By Katie Nartonis

“We have such a diversity of artists here, all dedicated to supporting one another and the work we can do together. I am often looking for ways and modes to introduce a sense of possibility through play and interaction.” – Artist, Mary Jeys

Mary Jeys’ art practice is constantly changing. Her most recent works have involved watercolor, ceramics, and live video. She notes that the kind of work she does, “is very much invested in modes and meaning
of exchange, value, play and interaction. I have many media I approach using this thinking strategy.” She relates to the Voice that, “Over decades really, the material exploration has never remained fixed. I am not an orthodox craft practitioner, but instead a hybrid form creator.

The artist has had many terms to describe what it is she does: performative installation art, social engagement
practice, and most recently interdisciplinary arts. It’s one of the things that makes answering a question like “what kind of art do you make?” so hard. It changes regularly. She can even become jealous of other artists who find whole worlds in one medium and who can invest in the tools and technology to support their focused explorations.

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Since Jeys has moved to the Hi Desert, her “watercolors have jumped off the flat wall to become 3-dimensional physical puzzle pieces, my ceramics have become play tools.” She has also become a co-steward of the cabin shop at the Sky Village Swap Meet now called Sun Spot. “I’m proud of the work I have created in the space of community, exchange and platforming including coordinating this year’s NEA Big Read.”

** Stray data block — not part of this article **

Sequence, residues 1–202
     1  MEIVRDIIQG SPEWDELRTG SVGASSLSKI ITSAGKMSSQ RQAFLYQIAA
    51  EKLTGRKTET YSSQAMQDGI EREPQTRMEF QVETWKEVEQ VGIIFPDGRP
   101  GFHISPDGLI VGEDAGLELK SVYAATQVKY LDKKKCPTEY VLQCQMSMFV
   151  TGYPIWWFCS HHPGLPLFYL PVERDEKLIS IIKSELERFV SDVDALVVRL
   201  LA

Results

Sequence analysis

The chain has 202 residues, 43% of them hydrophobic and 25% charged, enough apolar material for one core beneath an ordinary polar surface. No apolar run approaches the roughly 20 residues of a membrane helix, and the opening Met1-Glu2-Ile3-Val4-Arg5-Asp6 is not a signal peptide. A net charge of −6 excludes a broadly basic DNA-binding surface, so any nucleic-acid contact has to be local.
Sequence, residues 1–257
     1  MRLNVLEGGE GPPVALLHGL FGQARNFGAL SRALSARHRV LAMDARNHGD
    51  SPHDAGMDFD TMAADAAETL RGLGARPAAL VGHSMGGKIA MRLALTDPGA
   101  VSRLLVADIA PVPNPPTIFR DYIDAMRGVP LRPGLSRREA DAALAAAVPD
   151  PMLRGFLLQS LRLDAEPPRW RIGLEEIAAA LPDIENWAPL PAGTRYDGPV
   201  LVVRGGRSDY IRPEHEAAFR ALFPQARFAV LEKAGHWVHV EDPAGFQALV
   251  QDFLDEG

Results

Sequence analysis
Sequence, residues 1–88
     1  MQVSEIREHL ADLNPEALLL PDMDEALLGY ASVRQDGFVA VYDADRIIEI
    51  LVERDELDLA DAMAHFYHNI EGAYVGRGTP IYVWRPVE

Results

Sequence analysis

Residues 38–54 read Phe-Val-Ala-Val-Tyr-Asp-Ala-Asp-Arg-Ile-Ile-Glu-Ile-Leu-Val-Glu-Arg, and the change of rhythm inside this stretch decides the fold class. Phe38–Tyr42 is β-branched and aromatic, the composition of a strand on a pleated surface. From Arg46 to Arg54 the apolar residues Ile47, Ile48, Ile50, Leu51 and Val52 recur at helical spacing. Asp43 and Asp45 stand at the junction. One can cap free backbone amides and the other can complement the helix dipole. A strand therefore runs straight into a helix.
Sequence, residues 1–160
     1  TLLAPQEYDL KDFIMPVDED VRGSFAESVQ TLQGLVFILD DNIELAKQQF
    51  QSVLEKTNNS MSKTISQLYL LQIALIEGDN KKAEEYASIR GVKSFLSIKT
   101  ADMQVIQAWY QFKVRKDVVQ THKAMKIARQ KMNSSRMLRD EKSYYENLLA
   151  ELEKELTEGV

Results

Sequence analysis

Born in Houston, the artist grew up outside of Boston – one of three daughters of a physicist and a lawyer. She describes her parents as smart and driven contributors to their given fields. Jeys notes, “There really wasn’t a time before I was an artist. Even when I thought I would become a professional figure skater, or a marine biologist, or a veterinarian (from when I was 12)
everyone else could see that I was an artist.”

By the time she was an undergrad in Austin, TX at the University of Texas she had made a conscious choice to move towards art as a life pursuit. “I could see that it would be hard, but much more rewarding in becoming a full realization of myself.” When she Dublin and then eventually relocated to New York after 9/11. In New York, she resumed what she describes as “a kind of expanded sense of public engagement.” In 2008, she created a fictional election campaign for the hero of Die Hard – running attack ads against the villains. Later, she held the actual election with real ballots at Mana Gallery in Jersey City, NJ. Jeys notes, “I’m happy to tell you that John McClane (not McCain) won in a landslide!” Next, she embarked on a largescale work which was developed as a response to the 2008 financial crisis. She printed paper money and held events at her shared studio/gallery in Brooklyn – inviting people to trade goods and services using an alternate, local currency called The Brooklyn Torch.